Display Records

Displaying results where document type is Metropolitical and diocesan visitation articles and injunctions

Boroughbridge Record

Download PDF Warning: Use of undefined constant upload_files - assumed 'upload_files' (this will throw an Error in a future version of PHP) in /home/homeblue01/2/dng0zz12/public_html/wp-content/themes/professional/display_records.php on line 116
Jurisdiction 1: DiocesanDocument category 1: Metropolitical and diocesan visitation articles and injunctions
Jurisdiction 2: ParishDocument category 2: Churchwardens' accounts
From region: Yorkshire, WestFrom place: Boroughbridge
Relevant material from 1589 to 0
The Diocesan Visitation of 1589 provides evidence of the celebration of a traditional local custom at Boroughbridge, the election of a \'summer lord\'. The injunction to the churchwardens of the parish suggests that the ecclesiastical authorities aimed to control, but not to suppress apparently, the festivities associated with the parish event.

Fewston Records

Download PDF Warning: Use of undefined constant upload_files - assumed 'upload_files' (this will throw an Error in a future version of PHP) in /home/homeblue01/2/dng0zz12/public_html/wp-content/themes/professional/display_records.php on line 116
Jurisdiction 1: Star ChamberDocument category 1: N/A
Jurisdiction 2: DiocesanDocument category 2: Metropolitical and diocesan visitation articles and injunctions
From region: Yorkshire, WestFrom place: Fewston
Relevant material from 1596 to 1622
Fewston Records

The records of performance activity in the small village of Fewston arose from conflicts occasioned by rushbearings in 1596 and 1619 brought to the Church of St. Matthew and St. Lawrence. The conflicts led to charges heard in the Archdiocesan Court of York and the Court of Star Chamber. At the time of the first case, Nicholas Smithson was the vicar of Fewston, though he was not directly involved. In the second case, Smithson and three of his sons were the principal defendants, arguing against the complaint of Thomas Herryson, a local husbandman, that they had violently resisted the performance of the local custom and openly criticized King James\' Book of Sports as contrary to the law of God.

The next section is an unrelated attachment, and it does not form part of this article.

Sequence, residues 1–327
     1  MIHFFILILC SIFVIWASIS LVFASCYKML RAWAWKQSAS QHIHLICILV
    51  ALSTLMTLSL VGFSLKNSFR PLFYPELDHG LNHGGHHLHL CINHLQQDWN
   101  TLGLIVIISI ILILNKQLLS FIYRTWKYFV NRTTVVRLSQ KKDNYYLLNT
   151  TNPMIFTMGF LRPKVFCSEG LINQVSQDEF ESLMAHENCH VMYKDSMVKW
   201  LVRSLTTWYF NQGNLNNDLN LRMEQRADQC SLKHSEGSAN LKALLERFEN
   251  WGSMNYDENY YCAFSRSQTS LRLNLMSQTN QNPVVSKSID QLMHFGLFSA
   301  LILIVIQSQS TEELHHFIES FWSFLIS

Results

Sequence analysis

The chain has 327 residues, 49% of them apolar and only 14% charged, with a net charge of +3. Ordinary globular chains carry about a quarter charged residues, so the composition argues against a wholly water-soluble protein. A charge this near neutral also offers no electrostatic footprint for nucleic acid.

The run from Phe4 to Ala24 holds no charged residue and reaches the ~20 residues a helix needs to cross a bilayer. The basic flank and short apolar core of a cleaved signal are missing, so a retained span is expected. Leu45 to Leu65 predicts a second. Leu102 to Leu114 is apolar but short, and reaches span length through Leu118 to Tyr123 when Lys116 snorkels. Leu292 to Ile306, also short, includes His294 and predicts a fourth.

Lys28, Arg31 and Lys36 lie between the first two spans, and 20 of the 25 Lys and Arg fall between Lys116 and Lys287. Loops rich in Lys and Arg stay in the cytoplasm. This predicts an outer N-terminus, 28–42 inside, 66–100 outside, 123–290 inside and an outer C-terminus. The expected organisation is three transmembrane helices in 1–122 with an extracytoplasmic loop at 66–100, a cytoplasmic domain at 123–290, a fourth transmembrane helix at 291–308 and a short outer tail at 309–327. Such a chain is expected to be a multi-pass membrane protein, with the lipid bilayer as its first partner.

In the transcriptions, italics indicate the extension of an abbreviation in the manuscript; an asterisk (*) precedes an item in the left margin; and caret brackets (<…>) set off material that is illegible or lost because of damage.

Leeds Records

Download PDF Warning: Use of undefined constant upload_files - assumed 'upload_files' (this will throw an Error in a future version of PHP) in /home/homeblue01/2/dng0zz12/public_html/wp-content/themes/professional/display_records.php on line 116
Jurisdiction 1: Star ChamberDocument category 1: N/A
Jurisdiction 2: DiocesanDocument category 2: Metropolitical and diocesan visitation articles and injunctions
From region: Yorkshire, WestFrom place: Leeds
Relevant material from 1594 to 1621
Although we have not civic records that document performances in Leeds, the diocesan court of York and the Court of Star Chamber provide evidence of music during the time of divine service, two rushbearings, and two defamatory songs. All the records involve influential civic leaders, such as John Harrison, the \'benefactor of Leeds\'; John Metcalfe, deputy bailiff; Robert Cooke, vicar; and his successor in that office, his brother and curate, Alexander Cooke. The records provide evidence of the conflicts arising from the efforts to strengthen and develop the religious, economic, and political institutions of the borough.

The format of the allegedly libellous songs in both the Star Chamber cases is editorial: we have set the songs as verse to facilitate the reading of them and to break up the single block of text produced by the court scribe.